Before reading this article in the class, I didn’t really know much about textual harassment. I definitely didn’t know how serious it was, either. This kind of hit home for me because I know someone who has been complaining of an ex boyfriend that keeps sending her text messages and it’s becoming “annoying.” After class when we went over this article, I realized exactly how serious this is and how crazy people can be. Worried about her, I informed her of what I just read and explained that what she is going through is considered harassment and she needed to take a stand for herself before something happens, like what happened to the poor girl in the article. Since just about everyone has a cell phone in today’s world, along with email, I think it would be appropriate for classes to be taught in schools, or at least have guest speakers provide information about how textual harassment affects people’s lives daily.

  3. Favi Bogen says:

    While I agree that digital harassment is a problem, I think we are also partly to blame. I remember living with my parents as a child and having no privacy. Why? My parents paid the bills and i lived under their roof. If I wanted to use the phone, I had to ask (so my mom would be close enough to ease drop on my conversations). If I went out, my mom knew who I was going out with as she had to meet all of my friends. My parents always made an effort to have dinner as a family. It was during this time that we spent some time with one another and talked about what was going on with school, sports, friends, life, etc. Granted as I grew up, I didn’t divulge as much as I did as a kid but I always had someone to talk to whether it was my coach, boss, friend, etc. For some, the social media is their best friend. It has become the place for them to share as little or as much as they want. I have an acquaintance on Facebook who shares everything about her life from her mourning her grandmother’s death, break-up with her bf, searching for a new job, finding the best job, losing friendships, etc. I actually had to hide her posts because she was filling up my newsfeed. I always wondered if she had anyone close enough to tell these things to rather than publicize her life to people she barely knew (like myself). I wonder if she knows her HR department (or future potential employer HR dept) may have read every post she made and the impression it made. While social media is everywhere, we have the responsibility and control of how much we use it or allow our (future) children to use it. My parents never asked me how I wanted to be punished or what I should be allowed to do. Granted, I didn’t agree with some of their childrearing ways but I was bias. Now as an adult, I have realized that my parents did an excellent job raising my siblings and I. I don’t feel the need to share my thoughts and feelings on FB (especially when friends of friends can see my posts). Instead, I call one of my best friends and vent to them about my troubles, problems, achievements, etc. so the advice I would give a parent is to spend some time with their child and talk to them. The same would apply to your friend/best friend. It’s amazing what you find out about people when you take the time to talk to them.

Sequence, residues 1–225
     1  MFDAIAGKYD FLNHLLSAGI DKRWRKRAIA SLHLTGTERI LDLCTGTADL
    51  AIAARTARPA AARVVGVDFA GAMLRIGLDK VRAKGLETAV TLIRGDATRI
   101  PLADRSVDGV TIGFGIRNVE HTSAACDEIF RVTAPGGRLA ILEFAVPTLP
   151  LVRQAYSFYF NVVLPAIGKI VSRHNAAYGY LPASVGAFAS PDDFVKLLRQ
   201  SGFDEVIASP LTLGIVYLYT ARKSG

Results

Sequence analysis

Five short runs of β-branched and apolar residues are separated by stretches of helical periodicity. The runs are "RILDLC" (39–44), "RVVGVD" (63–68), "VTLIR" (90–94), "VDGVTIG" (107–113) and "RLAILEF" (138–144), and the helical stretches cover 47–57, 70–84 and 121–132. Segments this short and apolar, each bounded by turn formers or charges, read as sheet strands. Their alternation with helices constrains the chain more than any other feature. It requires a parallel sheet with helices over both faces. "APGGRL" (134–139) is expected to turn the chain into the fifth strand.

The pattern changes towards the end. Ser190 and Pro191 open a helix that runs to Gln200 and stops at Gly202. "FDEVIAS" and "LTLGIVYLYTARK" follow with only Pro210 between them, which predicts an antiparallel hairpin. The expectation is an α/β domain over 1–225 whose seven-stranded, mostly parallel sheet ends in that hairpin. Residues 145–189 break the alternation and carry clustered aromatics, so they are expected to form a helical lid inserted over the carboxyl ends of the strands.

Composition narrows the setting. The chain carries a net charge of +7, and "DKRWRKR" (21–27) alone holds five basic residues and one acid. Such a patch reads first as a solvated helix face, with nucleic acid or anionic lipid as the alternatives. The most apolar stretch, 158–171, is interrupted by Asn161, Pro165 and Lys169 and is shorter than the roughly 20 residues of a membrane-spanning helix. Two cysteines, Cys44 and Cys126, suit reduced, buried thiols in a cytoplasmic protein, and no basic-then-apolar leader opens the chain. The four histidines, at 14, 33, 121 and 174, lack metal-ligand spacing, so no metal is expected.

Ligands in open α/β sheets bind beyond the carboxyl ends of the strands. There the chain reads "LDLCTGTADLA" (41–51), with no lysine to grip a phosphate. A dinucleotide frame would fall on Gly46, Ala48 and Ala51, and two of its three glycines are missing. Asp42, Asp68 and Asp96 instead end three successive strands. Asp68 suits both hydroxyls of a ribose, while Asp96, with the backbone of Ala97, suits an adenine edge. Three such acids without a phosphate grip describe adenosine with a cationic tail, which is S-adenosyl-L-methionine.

4. mplowden says:

    I have been a victim of digital harassment and from someone who I had formerly trusted. I am the type of person who shares everything with my parents. So naturally they knew about it. After numerous times of the person not leaving me alone. My father contacted the person and then I was finally left alone.
    In todays day in age people are afraid to share things. Children should share things with their parents. That falls on the child and the parent. If they don’t feel comfortable sharing with their parents, share with friends. Telling one other person might do a world of help.